Donley Log Cabin
The Donley Cabin is named after John Donley of Ballyporeen, County Tipperary, who came to New York City in 1848. He bought a farm on Irish Road, now 29 Mile Road, and built a cabin in 1853. Four generations of the Donley family lived in the cabin for 100 years. In the 1930s and 1940s, Donley’s grandson and wife, Hugh Donley and Frances Gavin, along with their seven children, occupied the cabin. In 1972 the great-grandsons took the cabin apart, numbering each log and rebuilt it using the old mortar mixed in with the new. The Donley family donated the cabin to the Society in 1997, and in 1998 the cabin was moved to its current location at the corner of Park and Beebe Streets in Richmond. It was dedicated to the Society on Aug. 8, 1998.
School Section School
The one-room schoolhouse, built in 1885, was originally located on School Section Road in Richmond Township. In 1952 the residents of the School Section District voted to annex with the Richmond School District. In 1990 the McKiernan family, owners of the school, donated it to the society. It was moved to its present location in 1994. Once a year, Richmond second grade students tour the buildings with their teachers and parents. In May, Richmond and Armada 5th grade teachers also use the School Section School for a day of real hands-on history lesson. These students experience what a day at school was like for their ancestors.
Columbus Train Depot
In 1992 the Society acquired a former 1900s Grand Trunk Railroad Depot from owner Joseph Maranzano. The depot was moved from his private property on Rattle Run in Columbus Township.
At the beginning of this century the Society constructed a building to house a bathroom and storage area. The building includes a full basement and a loft office. On July 18, 2009, after hundreds of hours of work by volunteers, the blacksmith shop/ museum was ready for use. The main floor houses a museum with rotating exhibits; the upstairs gives the Society a central office, and the basement contains inventoried storage of items for future displays. The current exhibit is titled, “Richmond: Then & Now”.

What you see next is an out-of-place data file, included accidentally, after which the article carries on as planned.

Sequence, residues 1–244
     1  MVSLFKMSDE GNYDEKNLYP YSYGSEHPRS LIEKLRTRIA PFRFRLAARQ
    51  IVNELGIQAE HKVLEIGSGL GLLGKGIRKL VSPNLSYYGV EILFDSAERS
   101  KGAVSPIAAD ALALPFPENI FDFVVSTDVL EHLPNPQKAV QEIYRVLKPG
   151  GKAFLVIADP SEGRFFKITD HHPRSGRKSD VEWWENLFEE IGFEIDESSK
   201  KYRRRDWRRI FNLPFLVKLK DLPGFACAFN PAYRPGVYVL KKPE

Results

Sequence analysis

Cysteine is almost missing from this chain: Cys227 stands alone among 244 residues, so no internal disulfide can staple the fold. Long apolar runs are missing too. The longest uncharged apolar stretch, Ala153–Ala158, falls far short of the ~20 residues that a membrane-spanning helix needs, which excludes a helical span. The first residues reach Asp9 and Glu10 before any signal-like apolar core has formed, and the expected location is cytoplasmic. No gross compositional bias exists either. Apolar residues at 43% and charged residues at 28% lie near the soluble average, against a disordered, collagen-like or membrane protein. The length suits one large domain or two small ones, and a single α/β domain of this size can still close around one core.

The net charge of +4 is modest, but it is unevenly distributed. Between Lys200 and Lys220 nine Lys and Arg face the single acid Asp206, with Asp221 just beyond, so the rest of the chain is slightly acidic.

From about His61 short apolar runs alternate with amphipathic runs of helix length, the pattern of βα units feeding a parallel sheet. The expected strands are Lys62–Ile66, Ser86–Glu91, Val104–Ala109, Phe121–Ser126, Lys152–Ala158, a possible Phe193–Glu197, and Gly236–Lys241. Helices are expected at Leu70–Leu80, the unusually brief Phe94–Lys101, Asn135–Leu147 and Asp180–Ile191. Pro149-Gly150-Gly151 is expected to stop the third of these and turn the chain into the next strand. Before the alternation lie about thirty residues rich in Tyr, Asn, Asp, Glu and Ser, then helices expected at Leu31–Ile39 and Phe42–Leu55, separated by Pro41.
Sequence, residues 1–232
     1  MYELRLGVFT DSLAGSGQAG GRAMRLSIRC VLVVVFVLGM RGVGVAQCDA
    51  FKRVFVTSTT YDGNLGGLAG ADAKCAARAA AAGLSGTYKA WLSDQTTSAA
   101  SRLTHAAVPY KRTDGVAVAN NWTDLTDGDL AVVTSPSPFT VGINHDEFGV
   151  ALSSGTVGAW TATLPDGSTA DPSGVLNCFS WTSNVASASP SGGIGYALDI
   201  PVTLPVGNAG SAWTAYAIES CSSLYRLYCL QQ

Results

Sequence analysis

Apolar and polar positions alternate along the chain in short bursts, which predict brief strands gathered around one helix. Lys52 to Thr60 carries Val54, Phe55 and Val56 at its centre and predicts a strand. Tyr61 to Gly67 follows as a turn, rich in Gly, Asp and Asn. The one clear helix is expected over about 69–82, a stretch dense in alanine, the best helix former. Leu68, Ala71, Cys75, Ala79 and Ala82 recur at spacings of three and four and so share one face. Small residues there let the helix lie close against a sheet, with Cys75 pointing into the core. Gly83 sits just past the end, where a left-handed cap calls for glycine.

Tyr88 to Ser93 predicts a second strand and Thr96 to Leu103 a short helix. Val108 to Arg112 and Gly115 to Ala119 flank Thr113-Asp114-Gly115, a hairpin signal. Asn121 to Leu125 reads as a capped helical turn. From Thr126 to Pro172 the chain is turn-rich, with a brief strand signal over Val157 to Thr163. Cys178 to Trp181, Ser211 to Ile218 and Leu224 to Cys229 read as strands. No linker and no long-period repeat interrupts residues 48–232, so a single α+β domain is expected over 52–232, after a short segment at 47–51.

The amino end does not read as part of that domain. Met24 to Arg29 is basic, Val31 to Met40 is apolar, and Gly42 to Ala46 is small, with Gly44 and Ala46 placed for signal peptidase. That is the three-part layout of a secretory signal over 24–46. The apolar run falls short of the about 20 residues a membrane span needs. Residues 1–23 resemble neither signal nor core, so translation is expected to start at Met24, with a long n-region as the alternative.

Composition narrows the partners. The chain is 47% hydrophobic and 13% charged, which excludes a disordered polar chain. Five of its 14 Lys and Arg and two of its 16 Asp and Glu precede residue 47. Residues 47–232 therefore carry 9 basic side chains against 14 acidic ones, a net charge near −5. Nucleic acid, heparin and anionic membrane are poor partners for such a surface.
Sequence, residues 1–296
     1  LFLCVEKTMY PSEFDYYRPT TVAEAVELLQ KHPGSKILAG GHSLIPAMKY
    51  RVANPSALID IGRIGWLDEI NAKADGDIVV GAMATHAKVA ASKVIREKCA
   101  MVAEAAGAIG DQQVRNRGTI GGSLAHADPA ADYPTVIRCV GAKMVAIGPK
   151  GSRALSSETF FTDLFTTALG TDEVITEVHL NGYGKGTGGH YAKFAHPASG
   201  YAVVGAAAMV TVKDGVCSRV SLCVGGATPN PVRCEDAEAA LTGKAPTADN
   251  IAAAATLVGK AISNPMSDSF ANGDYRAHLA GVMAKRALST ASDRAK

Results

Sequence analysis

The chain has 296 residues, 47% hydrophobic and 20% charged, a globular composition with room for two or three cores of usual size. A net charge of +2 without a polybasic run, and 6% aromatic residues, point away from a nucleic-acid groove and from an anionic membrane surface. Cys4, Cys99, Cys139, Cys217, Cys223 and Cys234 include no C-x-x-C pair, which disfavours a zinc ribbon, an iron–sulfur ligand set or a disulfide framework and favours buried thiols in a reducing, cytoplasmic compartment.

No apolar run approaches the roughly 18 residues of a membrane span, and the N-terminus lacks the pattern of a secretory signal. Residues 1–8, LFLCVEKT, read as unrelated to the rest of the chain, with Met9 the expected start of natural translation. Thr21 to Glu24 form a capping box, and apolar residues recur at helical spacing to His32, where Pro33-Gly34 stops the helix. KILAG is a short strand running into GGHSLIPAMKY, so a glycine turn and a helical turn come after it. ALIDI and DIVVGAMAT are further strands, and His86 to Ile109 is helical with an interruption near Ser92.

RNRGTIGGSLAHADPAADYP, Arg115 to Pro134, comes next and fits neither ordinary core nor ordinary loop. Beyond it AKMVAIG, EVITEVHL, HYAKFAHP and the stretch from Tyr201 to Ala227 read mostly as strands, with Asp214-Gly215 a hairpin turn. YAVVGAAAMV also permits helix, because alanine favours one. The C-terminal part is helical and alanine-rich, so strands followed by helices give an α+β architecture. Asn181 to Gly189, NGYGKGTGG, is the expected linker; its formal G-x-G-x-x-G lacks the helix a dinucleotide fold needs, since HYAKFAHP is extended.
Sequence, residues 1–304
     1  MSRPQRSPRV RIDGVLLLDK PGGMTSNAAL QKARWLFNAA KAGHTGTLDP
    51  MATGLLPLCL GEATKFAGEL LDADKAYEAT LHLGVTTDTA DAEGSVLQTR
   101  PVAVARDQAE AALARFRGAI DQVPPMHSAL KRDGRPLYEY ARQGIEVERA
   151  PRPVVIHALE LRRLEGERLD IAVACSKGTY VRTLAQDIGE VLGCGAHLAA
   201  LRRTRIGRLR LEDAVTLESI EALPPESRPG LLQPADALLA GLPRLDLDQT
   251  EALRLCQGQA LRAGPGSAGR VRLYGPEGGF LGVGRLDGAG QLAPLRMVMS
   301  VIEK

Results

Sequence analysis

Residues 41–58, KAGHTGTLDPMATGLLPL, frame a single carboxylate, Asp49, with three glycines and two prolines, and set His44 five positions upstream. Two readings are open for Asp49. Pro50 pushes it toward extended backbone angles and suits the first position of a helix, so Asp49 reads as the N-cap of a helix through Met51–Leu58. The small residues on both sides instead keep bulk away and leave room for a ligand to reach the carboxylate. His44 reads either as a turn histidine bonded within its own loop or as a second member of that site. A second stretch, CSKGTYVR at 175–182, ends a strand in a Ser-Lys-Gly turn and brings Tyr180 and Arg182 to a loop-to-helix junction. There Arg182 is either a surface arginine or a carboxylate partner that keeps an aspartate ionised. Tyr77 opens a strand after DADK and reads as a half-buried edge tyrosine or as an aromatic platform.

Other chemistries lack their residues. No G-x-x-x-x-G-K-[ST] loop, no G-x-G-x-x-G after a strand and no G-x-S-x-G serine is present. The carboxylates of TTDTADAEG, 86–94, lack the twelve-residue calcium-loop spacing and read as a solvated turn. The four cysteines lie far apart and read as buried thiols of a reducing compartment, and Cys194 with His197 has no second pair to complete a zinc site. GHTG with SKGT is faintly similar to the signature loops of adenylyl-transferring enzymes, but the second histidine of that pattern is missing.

The Carriage House, though not that old of a building is an original structure from Bailey Park and is currently utilized for storage by the historical society. The east of the building has a plaque thanking all volunteers who have participated in the building and upkeep of The Historic Village.
Brick Paver Park
The Brick Park is located on the former site of the horse shoe pits. This area has 5200 bricks in place which are available for purchase. Brick sales continue to be an important source of income for the Society. See the “Support the Society” page on this website for more information on purchasing a brick in honor of or in memory of someone special.
Bailey Memorial Park
In December 1965, a committee was formed to plan a monument to one of Richmond’s life-long area residents, Eugene H. “Gene” Bailey, who had an interest in and supported local sports programs. The committee consisted of Richmond residents along with a few friends of Mr. Bailey’s from Detroit, Pontiac, Royal Oak, and Atlanta, Georgia. For more than a century, the park, which is bordered by Park, Beebe, Washington, and Stone Streets, was Richmond’s only athletic and recreation area. A dedication ceremony to rename the park Bailey Memorial Park took place during Good Old Days Weekend in 1966. The monument was completed and erected in September 1967. The bronze plaque now sits at the entrance to the Society’s Memorial Brick Park.
All the buildings are situated in a section of Richmond’s Bailey Memorial Park for tourists and locals to get a glimpse of a different, less complicated era.